In Samuel Beckett’s play Waiting for Godot, the scene opens to reveal a world characterized by bleakness. Though occasional situational humor enters the lives of Estragon and Vladimir, it is a sarcastic, ironic sort of humor that seems to mock the depressing situation in which they find themselves, and moments of hopefulness are overshadowed by uncertainty. The two merely sit and wait; they wait for a man, perhaps a savior, named Godot. That they are waiting for Godot, as Vladimir says, is the one certain thing, the one clear thing “in this immense confusion” (91). Throughout the course of the play, however, Godot never appears. It is uncertain that he ever will. In fact, Vladimir and Estragon are not exactly sure who this Godot is, what he is like, what would happen if he came, or if he indeed even exists, as they have not seen him but only hear that he will come. Yet they still wait, sometimes hoping, sometimes doubting, that Godot will appear, and that something, though they are unsure of what it is, will happen.
Godot may be seen as an allegorical figure representing Christ, as Vladimir and Estragon are waiting for his coming much like Christians wait for the second coming of Jesus, and once he appears, if he appears, they think or at least hope that “[they’ll] be saved,” perhaps from the bleakness of life (109). As they wait for him, it becomes evident that their world is full of pain and suffering, that suffering plays a more tangible role in their lives than Godot. They experience pain, they witness it, and they ponder what they should do in the midst of it all. One sort of such pain is physical and the other is an emotionally and mentally troubling sort: the torture and uneasiness of uncertainty they experience in their inability to ascertain the meaning of physical pain or the meaning of life in relation to the role Godot plays in it.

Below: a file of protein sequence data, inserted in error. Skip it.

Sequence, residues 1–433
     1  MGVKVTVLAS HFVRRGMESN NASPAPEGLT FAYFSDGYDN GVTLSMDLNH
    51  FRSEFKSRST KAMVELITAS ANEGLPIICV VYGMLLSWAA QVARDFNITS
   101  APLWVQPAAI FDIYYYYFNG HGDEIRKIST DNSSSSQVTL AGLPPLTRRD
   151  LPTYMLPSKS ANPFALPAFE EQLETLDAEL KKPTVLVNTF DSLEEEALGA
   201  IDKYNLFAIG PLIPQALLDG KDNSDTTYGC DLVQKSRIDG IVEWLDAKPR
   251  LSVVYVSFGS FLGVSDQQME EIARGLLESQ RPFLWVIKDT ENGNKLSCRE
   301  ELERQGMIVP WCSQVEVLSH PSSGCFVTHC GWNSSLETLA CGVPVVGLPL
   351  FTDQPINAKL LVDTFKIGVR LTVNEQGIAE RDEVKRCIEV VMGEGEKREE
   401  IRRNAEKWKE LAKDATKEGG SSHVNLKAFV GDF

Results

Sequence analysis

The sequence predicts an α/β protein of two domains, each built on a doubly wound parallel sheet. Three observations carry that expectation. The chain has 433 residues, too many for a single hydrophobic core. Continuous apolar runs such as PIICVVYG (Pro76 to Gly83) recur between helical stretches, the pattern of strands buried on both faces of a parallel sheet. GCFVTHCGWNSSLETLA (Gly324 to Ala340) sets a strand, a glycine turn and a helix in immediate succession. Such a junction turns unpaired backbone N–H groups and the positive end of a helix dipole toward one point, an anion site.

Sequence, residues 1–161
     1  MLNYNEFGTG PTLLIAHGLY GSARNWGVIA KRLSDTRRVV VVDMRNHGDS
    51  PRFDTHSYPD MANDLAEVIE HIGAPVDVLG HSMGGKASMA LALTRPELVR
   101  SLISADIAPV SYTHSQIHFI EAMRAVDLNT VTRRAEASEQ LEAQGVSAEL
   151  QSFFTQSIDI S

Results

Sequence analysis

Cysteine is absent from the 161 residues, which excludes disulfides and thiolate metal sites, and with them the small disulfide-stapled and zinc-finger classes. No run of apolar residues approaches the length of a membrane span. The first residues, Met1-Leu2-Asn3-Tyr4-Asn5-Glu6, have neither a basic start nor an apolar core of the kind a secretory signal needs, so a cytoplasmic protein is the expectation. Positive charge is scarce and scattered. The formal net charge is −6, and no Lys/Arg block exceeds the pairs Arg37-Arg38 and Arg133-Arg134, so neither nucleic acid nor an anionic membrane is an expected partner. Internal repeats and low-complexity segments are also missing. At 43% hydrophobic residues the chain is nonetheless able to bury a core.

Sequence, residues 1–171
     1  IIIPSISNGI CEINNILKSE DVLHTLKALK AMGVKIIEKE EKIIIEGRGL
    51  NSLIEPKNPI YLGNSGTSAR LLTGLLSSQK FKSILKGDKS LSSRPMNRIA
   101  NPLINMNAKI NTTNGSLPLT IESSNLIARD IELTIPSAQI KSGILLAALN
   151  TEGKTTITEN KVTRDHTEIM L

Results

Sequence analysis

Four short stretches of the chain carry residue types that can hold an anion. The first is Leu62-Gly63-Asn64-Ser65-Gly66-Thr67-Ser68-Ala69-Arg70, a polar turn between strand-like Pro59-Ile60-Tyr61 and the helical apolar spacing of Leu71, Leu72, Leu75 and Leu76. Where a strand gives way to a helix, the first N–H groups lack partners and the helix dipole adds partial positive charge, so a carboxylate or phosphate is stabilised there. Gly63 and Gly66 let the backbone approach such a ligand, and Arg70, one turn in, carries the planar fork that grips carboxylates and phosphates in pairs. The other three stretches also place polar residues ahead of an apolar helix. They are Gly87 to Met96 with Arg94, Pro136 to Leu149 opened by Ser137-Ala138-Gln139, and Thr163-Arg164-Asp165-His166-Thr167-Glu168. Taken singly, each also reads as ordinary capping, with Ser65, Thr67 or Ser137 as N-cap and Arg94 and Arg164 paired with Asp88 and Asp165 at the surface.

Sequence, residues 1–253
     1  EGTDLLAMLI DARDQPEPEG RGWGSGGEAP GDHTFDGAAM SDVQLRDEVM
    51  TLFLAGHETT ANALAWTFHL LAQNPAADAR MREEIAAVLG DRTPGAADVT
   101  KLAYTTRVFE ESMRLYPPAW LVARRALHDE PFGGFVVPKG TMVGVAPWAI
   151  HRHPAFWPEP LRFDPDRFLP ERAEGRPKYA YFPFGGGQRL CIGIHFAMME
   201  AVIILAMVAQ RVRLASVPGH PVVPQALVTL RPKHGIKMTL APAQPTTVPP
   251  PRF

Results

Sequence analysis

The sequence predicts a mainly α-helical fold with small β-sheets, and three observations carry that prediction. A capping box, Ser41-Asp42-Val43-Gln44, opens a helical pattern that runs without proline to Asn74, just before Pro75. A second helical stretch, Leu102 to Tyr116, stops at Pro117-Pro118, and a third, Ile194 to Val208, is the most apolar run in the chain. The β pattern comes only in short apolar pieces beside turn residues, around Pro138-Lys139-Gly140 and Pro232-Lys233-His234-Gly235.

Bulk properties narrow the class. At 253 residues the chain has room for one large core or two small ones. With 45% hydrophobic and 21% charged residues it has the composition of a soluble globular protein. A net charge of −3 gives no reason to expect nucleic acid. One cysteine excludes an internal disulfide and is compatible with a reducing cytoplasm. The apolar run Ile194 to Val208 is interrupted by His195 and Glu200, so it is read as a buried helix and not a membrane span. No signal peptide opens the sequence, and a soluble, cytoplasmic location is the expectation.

If somehow the ubiquitous sense of uncertainty in Vladimir’s and Estragon’s lives had a positive effect upon them, if they were able to create their own existential meaning, then perhaps they would not suffer mentally and emotionally as they do. But as it is, “hope deferred maketh the something sick,” as Vladimir puts it, perhaps omitting the word heart to signify that he has lost heart all together, his view of life bleak and hopeless (4). In their hopelessness, Vladimir and Estragon often contemplate suicide, even discussing a specific suicide plan. Ultimately they decide suicide would not be a good idea because, with the materials available to them, only one could die, leaving the other alone in his misery. Though at the close of the play the two remain alive, there is nothing to say that at some point they will not lose hope altogether, given the preponderance of hopelessness arising from the uncertainty all around them and their frequent discussion of suicide.
From the very beginning the audience is aware of omnipresent suffering; at the start of the first act, after Vladimir...